Roger Kimball: A Voice in the Cultural Wilderness

Kimball's latest book, The Fortunes of Permanence, is named after its first essay, which reviews what has been lost by reminding us of how thinkers as diverse as Hannah Arendt, Matthew Arnold, G.K. Chesterton, Jean-François Revel, and Alexis de Tocqueville variously understood the fragility of culture -- the tenuous and centuries-long effort to elevate us above our savage natures. By the same token, Kimball laments how a Norman O. Brown, Aldous Huxley, or Herbert Marcuse, beneficiaries of such traditions, had the luxury to amuse, titillate, and shock us by contemplating culture’s demise:

The survival of culture is never a sure thing. No more is its defeat. Our acknowledgment of those twin facts, to the extent that we manage it, is one important sign of our strength.

As an undergraduate classics major, I once had Norman O. Brown as a professor in two small advanced Greek (Greek Lyric Poetry) and Latin (Lucretius, De Rerum Natura) classes at UC Santa Cruz between 1972 and 1973. The more Brown wove his daily, off-topic narratives of unconstrained sex and Marxist-Freudian liberation -- learned and sonorously delivered -- the more I noted the disconnect between Brown, the utterly conventional man (owner of multiple new expensive Volvos, resident of an expensive and expansive home on an exclusive golf course, and childishly defensive about his own lapses in Greek syntax and grammar), and Brown, the reckless advocate of New Age sexual morality for others who were less learned, secure, and wealthy. In Brown’s defense, as a good Marxist-Freudian he seemed to explain his own contradictions as a sort of false consciousness or psychological projection.

In “Institutionalizing Our Demise,” Kimball dissects the contradictions of affirmative action and multiculturalism. There are of course many, but Kimball’s incisive indictment might be best summed up with the irony that those critics who have succeeded through the Western liberal tradition, and the magnanimity of Anglo-Protestant ethical values, are often the most likely to turn around and tear them down -- often in worry that they are losing street cred as the supposedly permanently oppressed. America, which alone seeks to establish a meritocracy and a multiracial society united by shared values, is so often damned because its embrace of the good is not quite perfect.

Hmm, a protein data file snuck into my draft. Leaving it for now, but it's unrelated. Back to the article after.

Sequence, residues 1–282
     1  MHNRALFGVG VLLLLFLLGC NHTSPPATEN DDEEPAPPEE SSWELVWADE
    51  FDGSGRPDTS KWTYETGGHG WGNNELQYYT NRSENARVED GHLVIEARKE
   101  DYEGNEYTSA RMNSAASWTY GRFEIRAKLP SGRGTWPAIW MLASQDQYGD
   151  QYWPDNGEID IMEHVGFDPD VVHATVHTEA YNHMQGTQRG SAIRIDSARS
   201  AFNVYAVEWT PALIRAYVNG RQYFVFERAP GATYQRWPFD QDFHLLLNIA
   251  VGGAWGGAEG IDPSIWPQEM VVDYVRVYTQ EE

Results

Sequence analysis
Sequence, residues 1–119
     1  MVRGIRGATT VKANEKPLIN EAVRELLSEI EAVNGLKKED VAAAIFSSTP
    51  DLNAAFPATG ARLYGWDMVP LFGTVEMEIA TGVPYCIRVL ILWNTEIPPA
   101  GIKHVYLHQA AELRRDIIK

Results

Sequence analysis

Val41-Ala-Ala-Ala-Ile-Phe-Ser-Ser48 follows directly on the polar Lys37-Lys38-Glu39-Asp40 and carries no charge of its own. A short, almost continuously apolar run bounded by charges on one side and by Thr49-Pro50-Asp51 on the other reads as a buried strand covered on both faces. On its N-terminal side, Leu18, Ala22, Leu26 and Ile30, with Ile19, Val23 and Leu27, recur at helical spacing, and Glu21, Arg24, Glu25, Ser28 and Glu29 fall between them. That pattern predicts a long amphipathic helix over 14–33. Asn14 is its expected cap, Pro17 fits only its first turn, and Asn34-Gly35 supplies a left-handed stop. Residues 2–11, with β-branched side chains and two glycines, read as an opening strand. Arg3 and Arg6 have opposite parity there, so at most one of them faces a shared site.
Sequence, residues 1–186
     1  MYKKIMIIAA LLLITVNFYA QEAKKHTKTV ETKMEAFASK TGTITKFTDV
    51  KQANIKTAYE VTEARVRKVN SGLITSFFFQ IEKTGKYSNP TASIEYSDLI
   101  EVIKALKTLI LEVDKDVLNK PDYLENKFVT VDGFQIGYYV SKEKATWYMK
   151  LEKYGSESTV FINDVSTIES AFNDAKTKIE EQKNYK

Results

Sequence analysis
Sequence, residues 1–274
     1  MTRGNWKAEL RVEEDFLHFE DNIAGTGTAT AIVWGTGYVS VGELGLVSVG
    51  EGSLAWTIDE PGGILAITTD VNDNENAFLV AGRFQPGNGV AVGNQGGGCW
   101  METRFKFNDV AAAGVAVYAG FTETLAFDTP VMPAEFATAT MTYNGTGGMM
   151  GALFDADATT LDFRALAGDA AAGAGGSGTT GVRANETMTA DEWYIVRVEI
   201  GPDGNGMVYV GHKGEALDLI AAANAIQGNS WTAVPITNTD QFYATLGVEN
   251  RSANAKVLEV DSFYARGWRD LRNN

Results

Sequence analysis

I often see Kimball’s paradox first-hand in California’s Central Valley, the ground zero of illegal immigration over the last three decades. From the first-generation Mexican national refugee, who after reaching the sanctuary of the United States feels magically delivered from the poverty, racism, and class oppression of Oaxaca, to an angry, far more affluent and secure second-generation -- nursed on Chicano Studies, La Raza pop history, and a deep resentment of the supposed unfairness of the United States -- is only about twenty years.

The fault is not entirely the immigrant’s, but the elite hosts who established an educational system more designed to alleviating their own sense of guilt than to facilitating integration and assimilation into American life -- the time-honored ways for immigrants to achieve economic and social security. Kimball, in brilliant fashion, notes those hypocrisies.

After all, the ability for hyphenated and affluent minority careerists to find an edge from their loud “otherness” in some ways is predicated on the inability of forgotten others of the underclass to achieve basic education and employment parity. In other words, without the entry of millions of fresh impoverished and non-English-speaking illegal aliens, the pool of self-identified third-generation Mexican-Americans would, in the fashion of 20th century Italian-Americans, shrink, as ethnicity became incidental through intermarriage and integration rather than essential to their careerist personas.